But the difficulties and complexities we encounter in taxonomic classification, recognized by evolutionists and creationists alike, are what we would expect to find if all organisms are related by common descent with gradual modification.

    We would expect to find the same, actually. Only we don’t have to resort to ‘convergent evolution’ and other made-up stories to try to explain what we see in nature!

    We would expect to find groups that shade into one another gradually. And indeed we find, for example, fossils that have characters diagnostic of birds and other characters diagnostic of dinosaurs (such as Archaeopteryx), whereas on the creationist account everything should be classifiable neatly into its proper “kind.”

    All ‘shading’ is imaginary, I’m afraid, in terms of the fossil record. If you want good evidence of that, consider that well over 95% of all fossils are of marine varieties. And yet there is almost never a claim regarding this ‘shading’ between one sort of thing and another! Evolutionists zero in on the areas where imagination has the most free reign – where there is the least physical data. Consider that, please…

    Nor do I agree with you about everything being classified neatly into its proper kind where creation is concerned. We don’t know just as much as you don’t know in terms of data. Like you, we can make educated guesses based on that data and our presuppositions, but that’s about all. Both sides have to admit that what we know compared to what we would like to know is pretty miniscule, and quit criticizing the other side for knowing just as little as we know!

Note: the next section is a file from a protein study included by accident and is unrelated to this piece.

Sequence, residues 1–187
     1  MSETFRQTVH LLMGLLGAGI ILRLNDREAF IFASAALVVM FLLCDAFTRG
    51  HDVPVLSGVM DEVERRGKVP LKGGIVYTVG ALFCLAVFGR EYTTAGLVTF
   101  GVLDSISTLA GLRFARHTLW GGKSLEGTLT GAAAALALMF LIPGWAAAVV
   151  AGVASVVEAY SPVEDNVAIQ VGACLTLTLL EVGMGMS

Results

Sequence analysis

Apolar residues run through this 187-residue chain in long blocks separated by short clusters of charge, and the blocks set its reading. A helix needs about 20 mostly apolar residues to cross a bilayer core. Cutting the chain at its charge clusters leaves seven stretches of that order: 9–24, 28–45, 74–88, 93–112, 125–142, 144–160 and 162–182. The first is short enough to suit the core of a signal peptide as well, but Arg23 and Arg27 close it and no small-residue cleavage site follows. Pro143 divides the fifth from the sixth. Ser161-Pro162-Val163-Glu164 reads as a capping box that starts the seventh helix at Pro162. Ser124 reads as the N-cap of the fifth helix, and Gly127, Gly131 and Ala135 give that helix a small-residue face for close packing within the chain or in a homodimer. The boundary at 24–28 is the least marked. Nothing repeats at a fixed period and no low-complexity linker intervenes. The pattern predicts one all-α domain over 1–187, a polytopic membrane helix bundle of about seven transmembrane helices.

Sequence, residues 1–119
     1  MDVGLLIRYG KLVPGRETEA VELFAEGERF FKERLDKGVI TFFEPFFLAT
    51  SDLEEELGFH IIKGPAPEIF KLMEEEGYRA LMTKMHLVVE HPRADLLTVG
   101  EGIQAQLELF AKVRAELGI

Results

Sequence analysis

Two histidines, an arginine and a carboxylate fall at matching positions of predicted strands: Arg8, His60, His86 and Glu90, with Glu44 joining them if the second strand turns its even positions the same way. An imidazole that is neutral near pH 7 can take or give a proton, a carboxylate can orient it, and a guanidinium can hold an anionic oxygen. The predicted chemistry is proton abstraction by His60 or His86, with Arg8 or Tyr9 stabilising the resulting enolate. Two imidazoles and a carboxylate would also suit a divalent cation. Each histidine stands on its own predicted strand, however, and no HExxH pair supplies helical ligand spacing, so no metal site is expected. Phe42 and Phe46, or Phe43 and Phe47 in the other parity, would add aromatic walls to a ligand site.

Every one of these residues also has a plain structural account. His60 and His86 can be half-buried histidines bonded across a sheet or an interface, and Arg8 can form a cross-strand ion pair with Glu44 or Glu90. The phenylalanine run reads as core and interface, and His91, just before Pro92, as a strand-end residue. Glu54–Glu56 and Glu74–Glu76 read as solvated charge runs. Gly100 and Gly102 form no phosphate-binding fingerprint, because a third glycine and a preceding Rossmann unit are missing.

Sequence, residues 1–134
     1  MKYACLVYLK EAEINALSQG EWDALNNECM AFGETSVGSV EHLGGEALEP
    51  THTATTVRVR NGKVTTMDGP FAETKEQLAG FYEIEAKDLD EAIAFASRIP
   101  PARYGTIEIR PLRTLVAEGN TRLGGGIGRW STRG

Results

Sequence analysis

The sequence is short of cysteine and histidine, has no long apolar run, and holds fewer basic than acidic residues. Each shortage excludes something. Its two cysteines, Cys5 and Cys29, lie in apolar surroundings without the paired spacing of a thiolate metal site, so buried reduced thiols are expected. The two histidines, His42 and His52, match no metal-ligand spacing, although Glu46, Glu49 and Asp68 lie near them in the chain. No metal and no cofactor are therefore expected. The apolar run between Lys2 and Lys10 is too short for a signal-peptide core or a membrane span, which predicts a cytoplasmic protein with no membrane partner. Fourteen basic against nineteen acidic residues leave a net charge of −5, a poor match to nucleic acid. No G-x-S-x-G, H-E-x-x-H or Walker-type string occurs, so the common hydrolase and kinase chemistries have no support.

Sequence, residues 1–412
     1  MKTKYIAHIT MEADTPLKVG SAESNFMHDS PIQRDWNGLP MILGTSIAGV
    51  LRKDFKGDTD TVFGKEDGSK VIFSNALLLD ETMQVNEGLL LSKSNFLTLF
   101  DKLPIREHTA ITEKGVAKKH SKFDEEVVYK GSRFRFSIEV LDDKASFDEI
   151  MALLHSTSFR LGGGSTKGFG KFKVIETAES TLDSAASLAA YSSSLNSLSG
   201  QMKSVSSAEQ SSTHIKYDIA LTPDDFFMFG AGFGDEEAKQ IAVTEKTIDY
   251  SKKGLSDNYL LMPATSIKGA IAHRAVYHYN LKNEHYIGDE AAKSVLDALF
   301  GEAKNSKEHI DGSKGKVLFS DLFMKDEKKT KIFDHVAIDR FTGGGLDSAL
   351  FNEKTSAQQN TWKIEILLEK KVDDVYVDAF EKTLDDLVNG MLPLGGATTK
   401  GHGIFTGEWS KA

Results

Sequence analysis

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    JEFF

    Does this mean Breeders can exhaust variation after several generations ?

    How many generations ?

    Once this "limit" is reached, do all offspring cease becoming variations of the parents' genes and become genetic duplicates ? Which set of genes do they duplicate ?

    If not, then how do you know a limit was even reached ?

    Speciation may require thousands of generations for enough small changes to accumulate.

    Once again, please identify and explain the empirical evidence that suggests the existence of this alleged barrier that prevents small genetic changes from accumulating and resulting in new species or even new taxonomic groups.
     
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    HELEN

    Jeff, I can read your impatience with my reply in your response, and I think if you think about it you will understand what I was referring to.

    We have bred, in the last few hundred years, an enormous variety of dogs. And yet, with all the breeding, intentional and mutt-caused, there has never been any variation away from canine. Same with horses and equine, cattle and bovine, cats and feline, etc. That is what I was referring to. We can breed for variation but the basic kind stays.